Motor Oil Age Doesn’t Matter as Much as Mileage: Study

An oil testing laboratory has found that the conventional wisdom of six-month oil changes might be a waste of your money.

byJames Gilboy|
NEW YORK, NY - NOVEMBER 2: An oil barrel is placed underneath a car during an oil change November 2, 2023 in New York City. The average price for an oil change in New York City using synthetic oil is over $100. (Photo by Robert Nickelsberg/Getty Images)
Robert Nickelsberg via Getty Images


When it comes to caring for cars we cherish, it's better to play it safe than sorry. If you're like me, you've been changing your oil every six months whether you've done 900 miles or 5,000, wondering if you were premature when it doesn't come out inky black. Well, those days are over for me, because oil analysts at Blackstone Laboratories have tested old oil from a variety of sources, and they say it's the miles that matter most.

The results of several tests were outlined on an episode of the company's podcast Slick Talk: Powered by Blackstone Laboratories. The episode in question was uploaded in December, but only recently gained traction on social media such as Reddit. In it, host Joe Adams recounts pulling a half-full bottle of Mobil 1 0W40 off the shelf, and contacting its producer to find out more about it. The bottle turned out to be almost 14 years old, and Mobil 1 said its age meant it'd broken down and wouldn't properly protect an engine. But when pressed, it wouldn't explain how, so Blackstone ran it through a battery of tests.

Test tubes with used motor oil. Blackstone Laboratories

Blackstone said it tested a variety of the oil's characteristics, from measuring additives to water content, flash point, viscosity, insolubles present, and the oil's ability to neutralize potentially harmful acids and bases. Even though the oil was made in September 2010 and had been sitting half-full for an unknown period, it tested just fine. That led to several follow-up tests of other old oils from varying sources to work out the circumstances that cause oil breakdown—and the answer was pretty clear.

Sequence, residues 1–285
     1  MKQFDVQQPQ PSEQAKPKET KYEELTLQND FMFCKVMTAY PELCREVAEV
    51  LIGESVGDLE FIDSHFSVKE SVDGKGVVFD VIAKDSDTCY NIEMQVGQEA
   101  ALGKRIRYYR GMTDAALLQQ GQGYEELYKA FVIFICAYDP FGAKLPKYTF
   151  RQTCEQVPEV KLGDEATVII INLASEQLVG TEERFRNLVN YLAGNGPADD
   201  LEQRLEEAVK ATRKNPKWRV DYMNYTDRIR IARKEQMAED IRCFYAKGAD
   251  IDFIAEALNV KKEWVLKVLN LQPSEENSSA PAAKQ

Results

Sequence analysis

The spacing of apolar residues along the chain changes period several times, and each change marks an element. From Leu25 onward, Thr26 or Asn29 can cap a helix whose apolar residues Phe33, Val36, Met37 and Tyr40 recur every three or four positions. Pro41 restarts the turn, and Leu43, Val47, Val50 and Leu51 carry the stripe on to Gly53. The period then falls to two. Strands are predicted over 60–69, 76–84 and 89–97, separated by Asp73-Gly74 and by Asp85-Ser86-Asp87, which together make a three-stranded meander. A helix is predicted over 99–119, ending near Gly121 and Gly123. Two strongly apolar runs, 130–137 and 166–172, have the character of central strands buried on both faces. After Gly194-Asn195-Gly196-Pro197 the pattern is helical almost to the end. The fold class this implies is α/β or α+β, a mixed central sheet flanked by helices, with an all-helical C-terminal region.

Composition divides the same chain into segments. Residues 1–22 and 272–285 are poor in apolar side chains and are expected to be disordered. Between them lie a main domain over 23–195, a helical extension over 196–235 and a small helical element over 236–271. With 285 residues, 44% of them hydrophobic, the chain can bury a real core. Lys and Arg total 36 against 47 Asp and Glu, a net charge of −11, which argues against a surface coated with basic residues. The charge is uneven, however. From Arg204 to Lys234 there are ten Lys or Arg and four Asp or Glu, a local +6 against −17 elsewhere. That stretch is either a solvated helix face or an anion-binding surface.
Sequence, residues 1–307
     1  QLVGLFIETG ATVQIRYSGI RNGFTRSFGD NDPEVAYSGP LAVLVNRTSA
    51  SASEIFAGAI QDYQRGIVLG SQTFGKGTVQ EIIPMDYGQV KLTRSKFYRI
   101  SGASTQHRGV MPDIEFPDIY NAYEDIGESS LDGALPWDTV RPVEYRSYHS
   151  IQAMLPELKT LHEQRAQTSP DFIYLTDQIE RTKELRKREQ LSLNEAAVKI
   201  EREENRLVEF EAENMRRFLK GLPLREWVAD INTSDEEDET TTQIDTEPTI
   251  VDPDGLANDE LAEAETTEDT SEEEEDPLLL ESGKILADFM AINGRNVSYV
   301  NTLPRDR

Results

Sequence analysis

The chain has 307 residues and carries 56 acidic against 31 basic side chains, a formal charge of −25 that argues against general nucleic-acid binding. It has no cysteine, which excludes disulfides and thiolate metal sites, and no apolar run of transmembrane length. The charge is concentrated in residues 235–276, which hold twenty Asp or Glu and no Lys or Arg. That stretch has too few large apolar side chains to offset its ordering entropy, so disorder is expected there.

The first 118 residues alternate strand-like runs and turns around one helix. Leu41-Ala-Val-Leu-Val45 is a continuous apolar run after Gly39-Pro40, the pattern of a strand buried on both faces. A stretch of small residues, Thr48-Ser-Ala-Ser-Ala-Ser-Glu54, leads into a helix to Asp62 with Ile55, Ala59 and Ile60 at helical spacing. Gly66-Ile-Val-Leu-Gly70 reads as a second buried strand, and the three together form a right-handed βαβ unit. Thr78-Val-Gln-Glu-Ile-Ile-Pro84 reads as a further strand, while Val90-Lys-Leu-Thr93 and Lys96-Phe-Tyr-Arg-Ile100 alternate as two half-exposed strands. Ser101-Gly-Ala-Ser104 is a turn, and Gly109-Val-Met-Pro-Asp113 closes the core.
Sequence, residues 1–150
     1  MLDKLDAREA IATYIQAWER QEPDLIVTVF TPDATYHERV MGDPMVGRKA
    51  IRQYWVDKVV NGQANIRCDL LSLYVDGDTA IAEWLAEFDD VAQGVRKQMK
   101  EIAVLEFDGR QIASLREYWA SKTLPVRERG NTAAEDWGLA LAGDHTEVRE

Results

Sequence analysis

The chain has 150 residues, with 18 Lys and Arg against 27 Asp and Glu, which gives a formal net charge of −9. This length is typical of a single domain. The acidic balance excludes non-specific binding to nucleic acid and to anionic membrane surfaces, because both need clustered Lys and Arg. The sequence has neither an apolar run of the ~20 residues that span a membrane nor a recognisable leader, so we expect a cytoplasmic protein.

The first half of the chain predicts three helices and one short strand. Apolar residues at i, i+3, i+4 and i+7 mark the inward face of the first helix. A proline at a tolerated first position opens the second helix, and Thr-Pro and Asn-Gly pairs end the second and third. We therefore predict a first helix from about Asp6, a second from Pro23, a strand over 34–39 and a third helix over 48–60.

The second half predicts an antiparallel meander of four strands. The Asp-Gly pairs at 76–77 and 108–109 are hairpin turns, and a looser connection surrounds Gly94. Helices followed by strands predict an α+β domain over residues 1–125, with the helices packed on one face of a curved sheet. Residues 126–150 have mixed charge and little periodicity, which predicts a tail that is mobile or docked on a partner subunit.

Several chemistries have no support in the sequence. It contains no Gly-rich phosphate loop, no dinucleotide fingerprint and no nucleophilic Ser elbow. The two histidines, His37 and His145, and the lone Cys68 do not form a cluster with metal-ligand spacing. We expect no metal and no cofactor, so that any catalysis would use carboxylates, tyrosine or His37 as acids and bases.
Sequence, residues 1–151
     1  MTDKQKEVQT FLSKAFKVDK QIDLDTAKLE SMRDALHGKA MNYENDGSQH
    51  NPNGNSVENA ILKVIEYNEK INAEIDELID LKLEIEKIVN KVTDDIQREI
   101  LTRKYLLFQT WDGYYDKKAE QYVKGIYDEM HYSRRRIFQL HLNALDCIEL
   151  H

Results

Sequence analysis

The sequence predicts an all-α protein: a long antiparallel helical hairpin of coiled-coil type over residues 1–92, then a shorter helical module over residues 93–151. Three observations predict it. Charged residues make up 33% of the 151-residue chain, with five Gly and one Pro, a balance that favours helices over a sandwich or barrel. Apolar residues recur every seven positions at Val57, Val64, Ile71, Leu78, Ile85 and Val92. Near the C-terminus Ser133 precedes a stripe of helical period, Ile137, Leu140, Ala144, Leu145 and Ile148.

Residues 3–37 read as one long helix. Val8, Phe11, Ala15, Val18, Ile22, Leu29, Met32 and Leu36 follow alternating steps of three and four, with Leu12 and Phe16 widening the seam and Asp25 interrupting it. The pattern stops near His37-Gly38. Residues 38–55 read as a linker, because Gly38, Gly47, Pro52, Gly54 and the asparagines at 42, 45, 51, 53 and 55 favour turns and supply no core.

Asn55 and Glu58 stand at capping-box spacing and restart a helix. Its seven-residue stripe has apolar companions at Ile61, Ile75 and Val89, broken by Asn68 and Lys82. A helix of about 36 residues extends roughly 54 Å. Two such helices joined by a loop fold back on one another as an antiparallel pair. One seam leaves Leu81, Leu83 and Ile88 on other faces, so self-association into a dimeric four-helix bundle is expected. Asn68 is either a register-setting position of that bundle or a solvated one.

Sampling oil from several engines, from a 2020 Ford F-150 with the 3.5-liter Ecoboost with six months on its fill to engines that'd held their fills for five-plus years, Blackstone consistently found low-mileage oils to be within spec. Tests were run not just on gas cars, such as a 1996 Lincoln Town Car that'd gone five years and an unknown number of miles since its last change, but also a diesel 2000 Ford F-350 with the 7.3-liter Powerstroke. There was even a test of 10-year-old oil from a 1995 Porsche 993 that'd done just 776 miles since its last change, and it too measured good.

For the most part, anyway. Some tests revealed higher iron or silicon content, which could indicate wear. But their potential sources are too numerous to say with certainty that the oil was at fault.

"Calendar time is no reason to rule it out," Adams said of old oil. "Miles are what you need to be keeping track of."

Naturally, there are exceptions to rigid mileage schedules. Engines that spend many hours idling or see severe service, like towing heavy loads or track use, should get more frequent changes. Aircraft and other engines with open breathers that can admit water should also see stricter oil change schedules. But for my cars? From here on out, I'm watching the odometer, not throwing away oil that's still the color of whiskey after six months.

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